Jacobean

adjective

Jac·​o·​be·​an ˌja-kə-ˈbē-ən How to pronounce Jacobean (audio)
: of, relating to, or characteristic of James I of England or his age
Jacobean noun

Examples of Jacobean in a Sentence

Recent Examples on the Web Built in the early 1650s, Drax Hall is believed to be the oldest Jacobean structure in the western hemisphere. Time, 6 July 2023 Ever since this Jacobean-style dwelling was built in 1611, it’s remained in the Cecil family, with Robert Gascoyne-Cecil, the 7th Marquess of Salisbury, being the current owner. Mary Elizabeth Andriotis, House Beautiful, 23 Mar. 2021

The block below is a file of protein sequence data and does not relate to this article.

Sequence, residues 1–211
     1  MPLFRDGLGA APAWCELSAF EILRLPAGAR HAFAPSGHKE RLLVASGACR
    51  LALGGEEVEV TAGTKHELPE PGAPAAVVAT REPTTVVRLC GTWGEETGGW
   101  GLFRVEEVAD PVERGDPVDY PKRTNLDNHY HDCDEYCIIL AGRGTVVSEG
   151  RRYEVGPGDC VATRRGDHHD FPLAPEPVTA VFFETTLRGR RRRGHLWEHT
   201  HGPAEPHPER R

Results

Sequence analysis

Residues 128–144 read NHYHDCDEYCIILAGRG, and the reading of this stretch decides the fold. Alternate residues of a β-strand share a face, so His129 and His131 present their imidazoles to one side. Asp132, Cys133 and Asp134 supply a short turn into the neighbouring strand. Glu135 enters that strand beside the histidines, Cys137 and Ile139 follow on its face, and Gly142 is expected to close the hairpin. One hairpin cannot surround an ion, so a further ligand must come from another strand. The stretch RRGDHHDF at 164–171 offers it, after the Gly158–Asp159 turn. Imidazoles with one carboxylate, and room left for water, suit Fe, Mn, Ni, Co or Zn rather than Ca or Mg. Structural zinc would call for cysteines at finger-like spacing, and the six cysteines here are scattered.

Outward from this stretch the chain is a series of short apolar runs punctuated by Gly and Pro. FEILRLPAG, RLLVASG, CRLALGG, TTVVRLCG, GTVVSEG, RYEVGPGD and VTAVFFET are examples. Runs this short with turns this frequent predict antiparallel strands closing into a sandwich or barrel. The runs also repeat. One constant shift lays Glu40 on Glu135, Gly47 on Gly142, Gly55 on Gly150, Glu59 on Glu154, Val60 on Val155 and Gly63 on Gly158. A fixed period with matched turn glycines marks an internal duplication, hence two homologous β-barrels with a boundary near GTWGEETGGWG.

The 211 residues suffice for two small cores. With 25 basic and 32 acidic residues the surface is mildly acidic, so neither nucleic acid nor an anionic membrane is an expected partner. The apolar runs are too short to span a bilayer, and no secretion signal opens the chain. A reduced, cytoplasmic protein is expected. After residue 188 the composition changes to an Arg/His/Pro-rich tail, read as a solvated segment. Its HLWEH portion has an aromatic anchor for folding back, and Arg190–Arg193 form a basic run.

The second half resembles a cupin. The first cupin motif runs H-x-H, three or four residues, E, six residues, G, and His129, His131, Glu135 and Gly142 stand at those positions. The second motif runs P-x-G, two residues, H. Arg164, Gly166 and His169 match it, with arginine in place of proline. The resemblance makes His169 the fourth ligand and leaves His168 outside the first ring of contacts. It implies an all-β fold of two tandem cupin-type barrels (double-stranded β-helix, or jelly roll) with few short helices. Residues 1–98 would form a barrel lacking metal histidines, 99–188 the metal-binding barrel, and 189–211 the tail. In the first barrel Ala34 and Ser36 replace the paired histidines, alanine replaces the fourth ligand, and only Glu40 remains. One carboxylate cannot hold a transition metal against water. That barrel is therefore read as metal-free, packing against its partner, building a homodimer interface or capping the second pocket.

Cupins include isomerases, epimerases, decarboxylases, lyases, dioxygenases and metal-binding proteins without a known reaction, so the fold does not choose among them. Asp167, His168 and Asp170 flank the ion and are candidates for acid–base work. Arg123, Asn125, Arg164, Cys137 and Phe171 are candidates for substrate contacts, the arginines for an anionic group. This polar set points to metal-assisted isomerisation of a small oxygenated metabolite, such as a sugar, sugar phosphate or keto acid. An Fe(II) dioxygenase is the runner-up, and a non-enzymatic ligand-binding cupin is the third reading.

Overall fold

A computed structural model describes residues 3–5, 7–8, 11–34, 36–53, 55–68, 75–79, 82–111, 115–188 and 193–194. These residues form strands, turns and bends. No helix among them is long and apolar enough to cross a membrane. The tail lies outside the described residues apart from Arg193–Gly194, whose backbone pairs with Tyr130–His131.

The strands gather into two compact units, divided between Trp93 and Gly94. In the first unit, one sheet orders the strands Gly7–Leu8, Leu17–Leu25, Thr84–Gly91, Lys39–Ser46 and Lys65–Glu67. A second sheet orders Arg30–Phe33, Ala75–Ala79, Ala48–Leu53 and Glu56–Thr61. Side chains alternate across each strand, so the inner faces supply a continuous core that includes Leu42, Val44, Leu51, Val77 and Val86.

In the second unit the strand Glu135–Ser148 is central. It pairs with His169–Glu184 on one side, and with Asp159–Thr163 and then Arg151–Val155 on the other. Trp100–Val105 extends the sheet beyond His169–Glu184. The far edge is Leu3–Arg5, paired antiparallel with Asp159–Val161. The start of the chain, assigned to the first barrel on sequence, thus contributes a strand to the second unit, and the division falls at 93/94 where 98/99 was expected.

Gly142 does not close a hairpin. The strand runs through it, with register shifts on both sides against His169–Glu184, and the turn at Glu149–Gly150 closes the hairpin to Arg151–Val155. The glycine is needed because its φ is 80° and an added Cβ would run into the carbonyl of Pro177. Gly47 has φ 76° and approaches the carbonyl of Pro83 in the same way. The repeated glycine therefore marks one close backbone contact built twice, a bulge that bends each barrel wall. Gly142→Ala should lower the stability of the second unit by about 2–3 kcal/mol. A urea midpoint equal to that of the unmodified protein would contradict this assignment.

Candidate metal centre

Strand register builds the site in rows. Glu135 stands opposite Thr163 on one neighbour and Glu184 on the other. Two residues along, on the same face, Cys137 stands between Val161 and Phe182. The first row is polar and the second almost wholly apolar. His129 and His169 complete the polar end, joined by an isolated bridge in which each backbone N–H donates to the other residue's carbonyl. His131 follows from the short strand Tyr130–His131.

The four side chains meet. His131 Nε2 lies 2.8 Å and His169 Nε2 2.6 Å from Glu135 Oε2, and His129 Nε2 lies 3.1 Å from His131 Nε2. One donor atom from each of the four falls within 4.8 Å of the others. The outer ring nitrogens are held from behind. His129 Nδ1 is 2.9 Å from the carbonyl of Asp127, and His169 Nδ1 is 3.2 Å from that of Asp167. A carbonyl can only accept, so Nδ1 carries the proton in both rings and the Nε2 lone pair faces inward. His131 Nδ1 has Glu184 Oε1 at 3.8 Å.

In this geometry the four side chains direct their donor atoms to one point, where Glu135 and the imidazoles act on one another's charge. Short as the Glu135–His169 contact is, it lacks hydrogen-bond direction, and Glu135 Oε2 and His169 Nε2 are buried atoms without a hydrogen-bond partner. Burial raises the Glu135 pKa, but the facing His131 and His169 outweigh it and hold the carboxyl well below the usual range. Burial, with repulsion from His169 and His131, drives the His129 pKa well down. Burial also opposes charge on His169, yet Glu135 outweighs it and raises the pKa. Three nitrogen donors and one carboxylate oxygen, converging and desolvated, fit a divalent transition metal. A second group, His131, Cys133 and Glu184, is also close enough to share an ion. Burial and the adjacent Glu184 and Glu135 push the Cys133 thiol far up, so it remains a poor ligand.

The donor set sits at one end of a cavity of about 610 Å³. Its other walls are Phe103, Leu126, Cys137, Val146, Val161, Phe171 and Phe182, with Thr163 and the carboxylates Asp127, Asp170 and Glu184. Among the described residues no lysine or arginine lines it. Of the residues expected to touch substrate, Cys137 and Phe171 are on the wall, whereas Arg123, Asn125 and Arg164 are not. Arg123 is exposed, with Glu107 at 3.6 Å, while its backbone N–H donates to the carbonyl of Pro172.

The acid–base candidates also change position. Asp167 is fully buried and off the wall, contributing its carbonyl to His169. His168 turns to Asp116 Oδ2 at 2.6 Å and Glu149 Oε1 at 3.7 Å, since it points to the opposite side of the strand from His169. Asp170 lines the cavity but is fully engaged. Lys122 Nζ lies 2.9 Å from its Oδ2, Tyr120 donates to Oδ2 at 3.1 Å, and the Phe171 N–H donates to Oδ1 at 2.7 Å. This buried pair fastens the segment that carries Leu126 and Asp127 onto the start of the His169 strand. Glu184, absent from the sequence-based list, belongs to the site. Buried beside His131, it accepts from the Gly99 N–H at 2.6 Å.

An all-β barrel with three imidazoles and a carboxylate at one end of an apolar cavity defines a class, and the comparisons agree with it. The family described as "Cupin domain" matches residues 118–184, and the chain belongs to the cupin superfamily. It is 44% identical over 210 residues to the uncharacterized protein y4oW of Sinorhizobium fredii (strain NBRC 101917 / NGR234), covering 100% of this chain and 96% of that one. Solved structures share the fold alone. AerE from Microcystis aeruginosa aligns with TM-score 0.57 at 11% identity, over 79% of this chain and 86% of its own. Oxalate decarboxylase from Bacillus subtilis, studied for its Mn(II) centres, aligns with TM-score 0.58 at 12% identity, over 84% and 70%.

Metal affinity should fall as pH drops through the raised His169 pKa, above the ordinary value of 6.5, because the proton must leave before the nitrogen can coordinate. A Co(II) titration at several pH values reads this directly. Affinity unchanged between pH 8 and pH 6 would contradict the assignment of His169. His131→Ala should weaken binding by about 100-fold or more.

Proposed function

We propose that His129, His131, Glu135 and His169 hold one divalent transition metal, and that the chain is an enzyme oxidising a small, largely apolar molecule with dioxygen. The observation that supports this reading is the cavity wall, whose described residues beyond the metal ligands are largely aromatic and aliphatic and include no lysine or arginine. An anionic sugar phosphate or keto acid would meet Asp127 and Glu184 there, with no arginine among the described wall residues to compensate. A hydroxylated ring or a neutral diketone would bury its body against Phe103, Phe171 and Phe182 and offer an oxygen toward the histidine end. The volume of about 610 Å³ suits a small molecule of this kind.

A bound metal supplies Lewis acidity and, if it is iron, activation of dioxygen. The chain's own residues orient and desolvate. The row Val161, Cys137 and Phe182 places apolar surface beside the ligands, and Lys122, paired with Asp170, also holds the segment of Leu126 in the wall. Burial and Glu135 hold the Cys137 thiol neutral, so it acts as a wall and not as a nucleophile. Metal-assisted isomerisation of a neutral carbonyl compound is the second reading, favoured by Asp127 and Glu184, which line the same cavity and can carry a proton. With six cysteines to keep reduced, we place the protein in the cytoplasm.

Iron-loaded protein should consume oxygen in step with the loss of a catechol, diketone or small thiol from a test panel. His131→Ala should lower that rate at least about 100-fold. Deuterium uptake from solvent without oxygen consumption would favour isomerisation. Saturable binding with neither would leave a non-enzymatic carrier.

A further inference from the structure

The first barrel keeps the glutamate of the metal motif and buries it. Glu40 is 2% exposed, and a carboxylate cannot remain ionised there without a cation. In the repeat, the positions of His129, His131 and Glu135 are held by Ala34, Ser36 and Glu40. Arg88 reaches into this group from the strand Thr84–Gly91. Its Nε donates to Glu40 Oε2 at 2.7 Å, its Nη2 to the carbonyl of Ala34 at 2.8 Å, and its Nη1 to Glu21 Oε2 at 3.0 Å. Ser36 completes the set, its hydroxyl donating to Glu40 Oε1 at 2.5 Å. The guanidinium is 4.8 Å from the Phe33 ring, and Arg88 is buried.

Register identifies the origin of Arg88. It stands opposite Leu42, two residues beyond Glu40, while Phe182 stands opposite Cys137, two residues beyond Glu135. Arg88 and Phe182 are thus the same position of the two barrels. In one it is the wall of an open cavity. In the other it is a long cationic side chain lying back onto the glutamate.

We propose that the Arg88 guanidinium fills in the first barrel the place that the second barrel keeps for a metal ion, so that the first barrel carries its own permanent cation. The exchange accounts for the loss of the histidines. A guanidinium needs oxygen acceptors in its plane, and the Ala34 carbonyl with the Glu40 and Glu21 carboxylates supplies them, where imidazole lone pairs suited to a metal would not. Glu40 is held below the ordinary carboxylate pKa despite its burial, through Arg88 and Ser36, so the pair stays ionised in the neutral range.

These examples are programmatically compiled from various online sources to illustrate current usage of the word 'Jacobean.' Any opinions expressed in the examples do not represent those of Merriam-Webster or its editors. Send us feedback about these examples.

Word History

Etymology

New Latin Jacobaeus, from Jacobus James

First Known Use

1844, in the meaning defined above

Time Traveler
The first known use of Jacobean was in 1844

Dictionary Entries Near Jacobean

Cite this Entry

“Jacobean.” Merriam-Webster.com Dictionary, Merriam-Webster, https://www.merriam-webster.com/dictionary/Jacobean. Accessed 19 Jun. 2024.

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